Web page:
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I've researched quite a bit on this, and seems like the common way to rotate an object about a point is something like the following:

x = px + dist * Math.cos(ang);
y = py + dist * Math.sin(ang);

Now, Flash implements it's Point.polar function like this:

public static Point polar(final double len, final double ang) {
    return new Point(len * Math.sin(ang), len * Math.cos(ang));
}

I wanted to use Flash's polar method in place of doing two separate Math calls above but things are reversed in that the 'x' coordinate uses the 'sin' function and the 'y' coordinate uses the 'cos' function. I'm not sure I understand what the polar function is used for if it's not for doing the rotation of points.

Can someone shed some light on this?

Thanks much,

Wanted to add to this. I did some testing, and it seems as though Flash has it backwards. With the following image:

enter image description here

If I send in a length of 71, and an angle of (25 * Math.PI/180) to the Point.polar method, it comes back with a new Point(30, 64) instead of 64, 30 like it shows in the screen shot. I very well could be missing something but it really looks like the polar method is backwards.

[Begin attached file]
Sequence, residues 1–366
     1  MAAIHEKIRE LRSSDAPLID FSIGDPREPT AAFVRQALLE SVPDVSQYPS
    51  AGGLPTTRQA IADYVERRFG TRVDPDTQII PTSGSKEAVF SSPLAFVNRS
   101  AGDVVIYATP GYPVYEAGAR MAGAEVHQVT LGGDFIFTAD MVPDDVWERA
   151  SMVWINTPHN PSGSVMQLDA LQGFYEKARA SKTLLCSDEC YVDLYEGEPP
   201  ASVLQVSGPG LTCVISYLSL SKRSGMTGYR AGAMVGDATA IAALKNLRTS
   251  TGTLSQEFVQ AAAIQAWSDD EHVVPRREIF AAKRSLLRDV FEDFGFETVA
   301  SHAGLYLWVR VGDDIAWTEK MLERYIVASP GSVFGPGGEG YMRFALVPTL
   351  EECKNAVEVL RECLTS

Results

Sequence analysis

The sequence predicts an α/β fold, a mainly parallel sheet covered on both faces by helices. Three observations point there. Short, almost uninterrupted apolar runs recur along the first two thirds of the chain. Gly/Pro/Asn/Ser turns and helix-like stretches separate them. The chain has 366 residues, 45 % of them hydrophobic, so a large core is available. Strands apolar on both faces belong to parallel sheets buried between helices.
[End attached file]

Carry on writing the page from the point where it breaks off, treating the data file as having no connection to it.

Any clarification on this would be very much appreciated.

David

share|improve this question
    
it seems to be working for me: trace(Point.polar(71, 25 * Math.PI / 180 )); // gives (x=64.34785287960214, y=30.00589658358966) –  mitim Dec 31 '12 at 1:17
    
Hum, this is interesting. I basically ported code over to javascript and this is what I get. I'll have to run it in Flash and see if thats what I get as well. I don't get it. –  David Whitten Dec 31 '12 at 3:23
    
Yep, it runs ok in Flash but Javascript is not doing it correctly. Same exact code basically. Well, I'm good. Thanks so much. Just had to check it out my self. –  David Whitten Dec 31 '12 at 5:18

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